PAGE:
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have a wayside horn installed at the Coast Boulevard crossing He has been pushing for a solution since 2000 when he arranged for a wayside horn demonstration. At the time it was out of the question financially but now it appears to be doable. The Flower Capital city is in line for a demonstration there thanx to the efforts of Councilwoman Teresa Barth who has been promoting at-grade crossings instead of underground pedestrian tunnels.

LAURIE SUTTON lsutton@coastnewsgroup.com

Less train noise When 52 trains toot their horn as they pass through the Surfside City, including one in the wee hours of the ayem, they create a No. 1 noise problem. Hershell Price is leading an effort to raise cash to

Pancake breakfast & garage sale Olivenhain Town Council has scheduled its annual pancake breakfast June 12 at the Meeting Hall from 8 to 11 ayem. This year it TURN TO EYE ON THE COAST ON 26

LETTERS TO THE EDITOR Letters to the Editor and reader feedback are welcome. Views expressed in letters do not necessarily reflect the views of Rancho Santa Fe News. Letters are subject to editing for length and clarity. Unsigned letters and letters without city of residence will not be published. Letters should be no longer than 300 words and include a contact telephone number. Submission does not guarantee publication. Send letters via e-mail to letters@coastnewsgroup.com.


Survey: luggage fees a big travel woe By Consumer Reports

Travelers have many reasons to be annoyed, but what bugs them most are luggage charges and addon airline ticket fees, according to a survey by Consumer Reports. Travelers were also very annoyed by rude or unhelpful staff, whether at airlines, hotels or rentalcar companies. The Consumer Reports National Research Center conducted 2,000 interviews in a nationally representative telephone survey. CR asked respondents to score three lists of travel gripes covering rentalcars, airlines and hotels for a total of 24 items on a 1to-10 scale, with “1” meaning an experience “does not annoy you at all” and “10” meaning it “annoys you tremendously.” Luggage charges (8.4 overall) and added airline ticket fees (8.1) top the list, but rude or unhelpful staff at rental-car companies (7.9), hotels (7.8) and airlines (7.7) were also among the more annoying things that rub Americans the wrong way while traveling. Among the highlights: — Poor communication about airline delays (7.1) annoyed people slightly more than the delays themselves (6.8). — Airline travelers who hog your seat (7.0) and carry-on space (6.7) are less annoying than some other irritants. Many people give crying babies and unruly kids (4.9) on planes a pass and have apparently gotten used to puny or no airline snacks (5.1) and long lines for security and check-in (5.2). — Women travelers are somewhat more annoyed than men. Among complaints for which the gender gap was sufficient: pricey in-room hotel snacks (6.8 women, 5.2 men); insufficient or chintzy hotel bedding (7.2 women, 6.2 men), and high-pressure pitches for extra rental-car coverage or upgrades (7.1 women, 6.0 men). — Some gripes annoyed respondents under age 50 much more than those 50 and older. Those included rude or unhelpful airline staff (8.6 under 50, 8.0 50 or older), rental-car pitches (6.8 under 50, 6.1 50 or older), and absence of the ordered car (6.5 under 50, 5.4 50 and older). CR also offers ways to have fun, stay healthy and be safe: — Watch your back. Today’s air travelers often carry and hoist their own TURN TO CONSUMER ON 25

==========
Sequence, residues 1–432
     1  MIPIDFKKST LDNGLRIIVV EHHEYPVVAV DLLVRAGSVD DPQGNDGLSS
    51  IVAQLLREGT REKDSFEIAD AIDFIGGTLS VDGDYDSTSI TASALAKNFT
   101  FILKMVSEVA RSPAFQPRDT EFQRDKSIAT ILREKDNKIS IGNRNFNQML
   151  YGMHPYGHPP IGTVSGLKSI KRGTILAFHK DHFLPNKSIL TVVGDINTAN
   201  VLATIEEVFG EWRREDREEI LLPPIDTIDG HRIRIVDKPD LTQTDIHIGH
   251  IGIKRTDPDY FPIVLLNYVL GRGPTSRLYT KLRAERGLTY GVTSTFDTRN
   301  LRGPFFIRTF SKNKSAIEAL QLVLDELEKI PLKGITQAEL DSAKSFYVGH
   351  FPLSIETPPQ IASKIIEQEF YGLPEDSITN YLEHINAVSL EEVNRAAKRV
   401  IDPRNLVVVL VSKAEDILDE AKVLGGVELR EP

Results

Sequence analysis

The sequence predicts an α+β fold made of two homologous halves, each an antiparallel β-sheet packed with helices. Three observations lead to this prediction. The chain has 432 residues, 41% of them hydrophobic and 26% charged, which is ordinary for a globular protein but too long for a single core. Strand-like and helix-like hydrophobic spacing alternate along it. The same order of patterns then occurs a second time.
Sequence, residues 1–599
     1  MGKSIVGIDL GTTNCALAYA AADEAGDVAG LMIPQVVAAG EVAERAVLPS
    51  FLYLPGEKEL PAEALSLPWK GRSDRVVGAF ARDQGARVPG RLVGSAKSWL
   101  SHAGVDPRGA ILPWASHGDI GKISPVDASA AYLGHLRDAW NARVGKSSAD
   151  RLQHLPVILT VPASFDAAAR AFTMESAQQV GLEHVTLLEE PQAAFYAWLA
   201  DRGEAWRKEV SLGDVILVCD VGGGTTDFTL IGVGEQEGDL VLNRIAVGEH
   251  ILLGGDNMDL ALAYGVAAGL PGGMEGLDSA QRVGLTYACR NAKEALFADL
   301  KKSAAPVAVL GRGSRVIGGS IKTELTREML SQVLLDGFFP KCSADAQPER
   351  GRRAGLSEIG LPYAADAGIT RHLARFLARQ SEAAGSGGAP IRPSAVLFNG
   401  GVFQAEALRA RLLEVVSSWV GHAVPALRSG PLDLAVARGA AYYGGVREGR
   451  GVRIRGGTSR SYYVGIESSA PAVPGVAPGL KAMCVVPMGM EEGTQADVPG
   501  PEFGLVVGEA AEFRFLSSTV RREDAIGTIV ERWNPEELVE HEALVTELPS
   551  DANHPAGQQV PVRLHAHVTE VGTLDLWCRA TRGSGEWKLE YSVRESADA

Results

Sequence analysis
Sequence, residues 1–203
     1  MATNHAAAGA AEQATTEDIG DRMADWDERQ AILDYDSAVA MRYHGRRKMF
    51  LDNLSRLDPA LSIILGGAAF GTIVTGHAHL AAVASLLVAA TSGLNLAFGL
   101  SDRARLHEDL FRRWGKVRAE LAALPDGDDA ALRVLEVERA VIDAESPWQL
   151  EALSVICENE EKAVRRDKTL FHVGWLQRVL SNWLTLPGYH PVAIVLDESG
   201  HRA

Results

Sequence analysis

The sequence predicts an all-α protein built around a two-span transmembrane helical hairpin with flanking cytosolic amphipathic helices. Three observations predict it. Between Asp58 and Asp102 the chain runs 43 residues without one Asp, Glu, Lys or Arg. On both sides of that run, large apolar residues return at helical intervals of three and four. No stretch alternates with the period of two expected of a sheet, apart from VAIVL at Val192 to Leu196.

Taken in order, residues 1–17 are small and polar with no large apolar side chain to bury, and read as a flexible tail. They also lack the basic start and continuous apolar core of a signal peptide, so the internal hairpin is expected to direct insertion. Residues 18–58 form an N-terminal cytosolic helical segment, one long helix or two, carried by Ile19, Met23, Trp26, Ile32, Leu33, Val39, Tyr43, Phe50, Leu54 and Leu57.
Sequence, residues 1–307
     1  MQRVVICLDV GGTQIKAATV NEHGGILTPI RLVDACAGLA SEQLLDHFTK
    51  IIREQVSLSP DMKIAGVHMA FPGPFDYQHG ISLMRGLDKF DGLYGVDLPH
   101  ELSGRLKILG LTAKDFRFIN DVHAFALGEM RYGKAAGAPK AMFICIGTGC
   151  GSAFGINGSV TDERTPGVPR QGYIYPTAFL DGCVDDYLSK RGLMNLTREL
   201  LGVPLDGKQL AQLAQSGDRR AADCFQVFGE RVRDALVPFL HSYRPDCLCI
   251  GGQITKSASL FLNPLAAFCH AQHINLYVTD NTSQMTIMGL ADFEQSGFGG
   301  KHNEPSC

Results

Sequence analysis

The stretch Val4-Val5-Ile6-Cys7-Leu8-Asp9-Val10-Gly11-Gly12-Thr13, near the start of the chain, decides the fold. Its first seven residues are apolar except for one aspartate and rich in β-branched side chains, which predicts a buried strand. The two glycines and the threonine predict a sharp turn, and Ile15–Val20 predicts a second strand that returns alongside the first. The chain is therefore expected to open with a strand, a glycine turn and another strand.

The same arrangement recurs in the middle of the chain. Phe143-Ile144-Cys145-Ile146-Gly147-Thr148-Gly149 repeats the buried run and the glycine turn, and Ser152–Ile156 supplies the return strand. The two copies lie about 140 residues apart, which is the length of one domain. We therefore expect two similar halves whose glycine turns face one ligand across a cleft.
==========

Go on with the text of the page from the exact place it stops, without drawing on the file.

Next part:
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RANCHO SANTA FE NEWS

JUNE 4, 2010

Book traces life of famed Ranch architect By Lillian Cox

SOLANA BEACH — June 12 marks the launch of the long-awaited book, “Lilian J. Rice: Architect of Rancho Santa Fe, California” by Diane Y. Welch. June 12 is also the anniversary of Rice’s birthday in 1889. The public is invited to join in a celebration, “The Excitement is Building: The Life, Work and Legacy of Architect Lilian J. Rice” from 1 to 4 p.m. at the Solana Beach City Hall Gallery at 635 S. DIANE WELCH Highway 101 in Solana Beach. Welch will be on hand to sign books. She’ll also be screening the Rice documentary, “Sincerely Yours.” In addition, artist Jennifer Chapman will unveil a masterpiece portrait of Rice in oils. Rice is best remembered as the architect of Rancho Santa Fe when it was devel- HER STORY Rancho Santa Fe architect Lilian J. Rice is the subject of her first authorized biography more 70 years after her death. “Lilian Rice’s legacy is this beautiful architectural style that has been connectoped in the 1920s and for her than ed with the architectural fabric of Southern California,” said author Diane Y. Welch. “We’ve been focused on TURN TO ARCHITECT ON 27